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Allegany County
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King Opessa's Town

King Opessa's Town, Oldtown Click on the MEDIA ITEMS below for more information


The Shawnee Indians once lived in the hills surrounding Oldtown, Maryland, located in the southeastern portion of present-day Allegany County. This was near the junction of the North and South Branches of the Potomac River.

It is said that from about 1711 to 1727, the Shawnees living here at what was known as King Opessa's Town and neighboring sites would offer refuge to runaway slaves who had fled from their Virginia and Maryland masters. The Governors of both Virginia and Maryland attempted to negotiate with the Shawnee for the return of the runaways. Virginia even offered bounties of guns and blankets, and King Opessa's refusal to return runaway slaves to their owners was an irritant to the Maryland General Assembly for years.

King Opessa was the great-grandfather of Tecumseh, and at the time he settled here in 1711 the site was known as Shawnee-Oldtown. The village site is today a forested area located within the Chesapeake and Ohio Canal National Historical Park, near Oldtown, Maryland.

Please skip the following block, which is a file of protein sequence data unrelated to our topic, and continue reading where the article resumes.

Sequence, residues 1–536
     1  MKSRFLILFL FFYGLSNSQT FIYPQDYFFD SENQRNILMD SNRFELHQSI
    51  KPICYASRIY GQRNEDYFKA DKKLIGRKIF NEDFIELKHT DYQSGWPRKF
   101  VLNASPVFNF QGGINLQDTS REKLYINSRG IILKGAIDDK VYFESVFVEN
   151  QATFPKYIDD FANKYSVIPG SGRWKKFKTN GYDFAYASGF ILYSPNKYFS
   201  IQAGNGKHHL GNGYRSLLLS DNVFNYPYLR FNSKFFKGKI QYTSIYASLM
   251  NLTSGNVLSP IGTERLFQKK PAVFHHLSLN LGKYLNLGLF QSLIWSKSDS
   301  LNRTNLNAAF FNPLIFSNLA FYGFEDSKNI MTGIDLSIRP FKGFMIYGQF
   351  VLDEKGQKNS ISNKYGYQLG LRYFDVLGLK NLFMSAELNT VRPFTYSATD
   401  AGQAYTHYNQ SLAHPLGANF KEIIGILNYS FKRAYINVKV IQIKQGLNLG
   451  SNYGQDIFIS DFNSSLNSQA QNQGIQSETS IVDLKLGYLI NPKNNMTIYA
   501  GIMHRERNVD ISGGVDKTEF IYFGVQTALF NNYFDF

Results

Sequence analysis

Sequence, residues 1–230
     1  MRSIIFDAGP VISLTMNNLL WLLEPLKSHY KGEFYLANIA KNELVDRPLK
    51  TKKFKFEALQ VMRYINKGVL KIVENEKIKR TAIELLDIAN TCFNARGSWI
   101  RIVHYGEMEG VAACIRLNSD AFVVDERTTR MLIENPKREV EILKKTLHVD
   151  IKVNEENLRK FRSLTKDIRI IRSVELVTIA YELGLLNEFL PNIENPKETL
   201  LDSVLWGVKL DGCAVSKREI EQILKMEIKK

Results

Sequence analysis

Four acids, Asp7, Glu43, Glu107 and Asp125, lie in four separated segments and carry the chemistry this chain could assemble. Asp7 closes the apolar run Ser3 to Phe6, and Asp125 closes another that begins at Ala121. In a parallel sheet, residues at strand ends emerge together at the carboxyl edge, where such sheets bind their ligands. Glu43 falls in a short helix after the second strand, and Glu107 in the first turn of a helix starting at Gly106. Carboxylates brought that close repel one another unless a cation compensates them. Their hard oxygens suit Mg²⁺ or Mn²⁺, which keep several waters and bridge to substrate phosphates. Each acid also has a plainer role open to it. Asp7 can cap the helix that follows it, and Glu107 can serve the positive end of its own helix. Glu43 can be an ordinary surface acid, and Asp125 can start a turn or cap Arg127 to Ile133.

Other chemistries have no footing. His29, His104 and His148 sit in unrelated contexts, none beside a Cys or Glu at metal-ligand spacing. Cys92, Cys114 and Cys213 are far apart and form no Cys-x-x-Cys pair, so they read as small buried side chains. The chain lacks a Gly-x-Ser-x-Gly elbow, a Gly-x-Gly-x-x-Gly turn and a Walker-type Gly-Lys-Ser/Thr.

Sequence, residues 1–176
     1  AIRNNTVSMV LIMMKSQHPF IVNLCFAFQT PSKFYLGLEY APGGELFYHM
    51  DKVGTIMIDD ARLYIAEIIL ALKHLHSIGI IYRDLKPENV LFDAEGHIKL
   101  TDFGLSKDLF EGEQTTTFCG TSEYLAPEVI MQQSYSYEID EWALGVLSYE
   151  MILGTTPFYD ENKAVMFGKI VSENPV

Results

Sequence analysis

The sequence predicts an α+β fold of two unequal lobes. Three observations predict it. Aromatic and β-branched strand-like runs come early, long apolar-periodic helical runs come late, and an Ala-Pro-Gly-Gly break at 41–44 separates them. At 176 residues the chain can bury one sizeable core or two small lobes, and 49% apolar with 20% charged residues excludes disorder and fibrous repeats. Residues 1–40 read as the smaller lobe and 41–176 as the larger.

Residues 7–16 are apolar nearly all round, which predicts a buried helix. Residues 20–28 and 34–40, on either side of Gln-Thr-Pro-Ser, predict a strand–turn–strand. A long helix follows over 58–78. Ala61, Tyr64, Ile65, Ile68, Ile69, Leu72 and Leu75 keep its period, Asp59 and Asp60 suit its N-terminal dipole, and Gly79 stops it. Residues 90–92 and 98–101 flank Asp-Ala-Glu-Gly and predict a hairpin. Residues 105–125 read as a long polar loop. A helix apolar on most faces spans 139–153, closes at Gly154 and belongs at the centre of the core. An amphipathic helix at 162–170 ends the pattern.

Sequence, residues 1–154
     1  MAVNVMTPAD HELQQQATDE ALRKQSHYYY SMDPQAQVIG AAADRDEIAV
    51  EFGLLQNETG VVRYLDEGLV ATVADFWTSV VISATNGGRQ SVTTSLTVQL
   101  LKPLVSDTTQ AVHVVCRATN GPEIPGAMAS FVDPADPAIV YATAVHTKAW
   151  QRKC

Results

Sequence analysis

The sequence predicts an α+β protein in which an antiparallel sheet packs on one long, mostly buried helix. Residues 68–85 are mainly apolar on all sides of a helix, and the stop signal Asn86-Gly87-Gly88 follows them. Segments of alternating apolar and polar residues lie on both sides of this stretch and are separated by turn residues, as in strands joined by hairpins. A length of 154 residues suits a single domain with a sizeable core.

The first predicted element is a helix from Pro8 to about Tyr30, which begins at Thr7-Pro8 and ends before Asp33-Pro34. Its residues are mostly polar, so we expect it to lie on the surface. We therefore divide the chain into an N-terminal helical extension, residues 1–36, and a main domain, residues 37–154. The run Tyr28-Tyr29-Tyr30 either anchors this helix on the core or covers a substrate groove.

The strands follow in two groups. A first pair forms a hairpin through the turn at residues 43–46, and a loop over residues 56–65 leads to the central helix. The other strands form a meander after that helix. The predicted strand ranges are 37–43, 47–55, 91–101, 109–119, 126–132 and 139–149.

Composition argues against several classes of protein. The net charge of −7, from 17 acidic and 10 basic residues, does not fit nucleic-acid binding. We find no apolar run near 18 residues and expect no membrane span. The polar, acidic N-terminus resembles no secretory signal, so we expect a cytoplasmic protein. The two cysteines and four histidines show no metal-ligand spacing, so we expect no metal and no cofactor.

(In about 1741 Thomas Cresap constructed a home and stockade fort in what is now Oldtown, thereby making this the oldest town in what is now Allegany County which was officially established in 1789).


From a brochure entitled, "The Underground Railroad, Maryland's Network to Freedom", published by the National Underground Railroad Network to Freedom Program and the Maryland Office of Tourism Development, National Park Service C and O Canal and the 2007 Oldtown Summer Fest Booklet published by the Oldtown Summer Fest Steering Committee.

Collection Location:
Allegany County, Maryland

African Americans, History; Allegany County (Md.), History.

Allegany County (Md.), 1890-2008

Western Maryland Regional Library
100 South Potomac Street
Hagerstown, Maryland 21740

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